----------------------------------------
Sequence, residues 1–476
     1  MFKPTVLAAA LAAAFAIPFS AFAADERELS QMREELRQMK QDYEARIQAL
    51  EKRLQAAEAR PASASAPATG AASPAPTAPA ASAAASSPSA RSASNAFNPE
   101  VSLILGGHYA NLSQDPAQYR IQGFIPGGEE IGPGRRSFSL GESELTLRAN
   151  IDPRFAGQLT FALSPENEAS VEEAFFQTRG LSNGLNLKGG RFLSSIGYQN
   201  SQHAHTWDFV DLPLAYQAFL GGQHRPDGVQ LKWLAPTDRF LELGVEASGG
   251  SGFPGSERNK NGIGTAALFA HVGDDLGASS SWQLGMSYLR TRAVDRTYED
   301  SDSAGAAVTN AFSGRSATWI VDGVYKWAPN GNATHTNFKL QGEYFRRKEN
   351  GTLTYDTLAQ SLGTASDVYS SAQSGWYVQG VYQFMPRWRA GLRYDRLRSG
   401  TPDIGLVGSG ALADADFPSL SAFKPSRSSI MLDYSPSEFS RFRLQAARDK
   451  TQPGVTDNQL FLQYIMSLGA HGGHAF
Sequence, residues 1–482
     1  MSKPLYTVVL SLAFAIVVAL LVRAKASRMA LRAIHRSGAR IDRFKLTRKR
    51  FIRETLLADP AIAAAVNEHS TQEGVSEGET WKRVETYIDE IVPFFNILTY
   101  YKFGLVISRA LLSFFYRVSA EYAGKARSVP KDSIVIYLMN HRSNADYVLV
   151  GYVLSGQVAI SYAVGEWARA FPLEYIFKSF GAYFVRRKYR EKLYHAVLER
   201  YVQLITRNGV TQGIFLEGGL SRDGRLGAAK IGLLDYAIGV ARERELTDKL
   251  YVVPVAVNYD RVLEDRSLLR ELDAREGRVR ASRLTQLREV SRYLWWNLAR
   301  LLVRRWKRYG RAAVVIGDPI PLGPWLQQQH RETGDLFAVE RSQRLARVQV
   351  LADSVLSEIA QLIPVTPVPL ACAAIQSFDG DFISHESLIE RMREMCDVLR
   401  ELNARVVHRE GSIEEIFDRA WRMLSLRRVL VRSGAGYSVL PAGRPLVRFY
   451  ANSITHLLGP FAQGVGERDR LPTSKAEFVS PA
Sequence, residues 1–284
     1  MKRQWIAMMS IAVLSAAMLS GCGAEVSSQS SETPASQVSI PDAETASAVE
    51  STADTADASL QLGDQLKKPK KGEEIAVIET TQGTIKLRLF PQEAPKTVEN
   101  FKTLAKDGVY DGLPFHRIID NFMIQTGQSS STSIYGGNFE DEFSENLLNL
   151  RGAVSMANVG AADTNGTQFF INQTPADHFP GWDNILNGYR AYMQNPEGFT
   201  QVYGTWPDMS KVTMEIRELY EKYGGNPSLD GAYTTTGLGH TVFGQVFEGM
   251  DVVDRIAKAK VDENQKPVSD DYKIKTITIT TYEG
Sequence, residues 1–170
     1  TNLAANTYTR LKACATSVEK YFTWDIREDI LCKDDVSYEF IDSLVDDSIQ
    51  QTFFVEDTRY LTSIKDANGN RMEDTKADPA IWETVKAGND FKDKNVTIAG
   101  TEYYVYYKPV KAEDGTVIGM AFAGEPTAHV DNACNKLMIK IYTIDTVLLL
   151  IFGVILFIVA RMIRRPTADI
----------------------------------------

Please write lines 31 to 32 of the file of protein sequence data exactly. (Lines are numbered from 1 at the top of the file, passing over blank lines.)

     1  TNLAANTYTR LKACATSVEK YFTWDIREDI LCKDDVSYEF IDSLVDDSIQ
    51  QTFFVEDTRY LTSIKDANGN RMEDTKADPA IWETVKAGND FKDKNVTIAG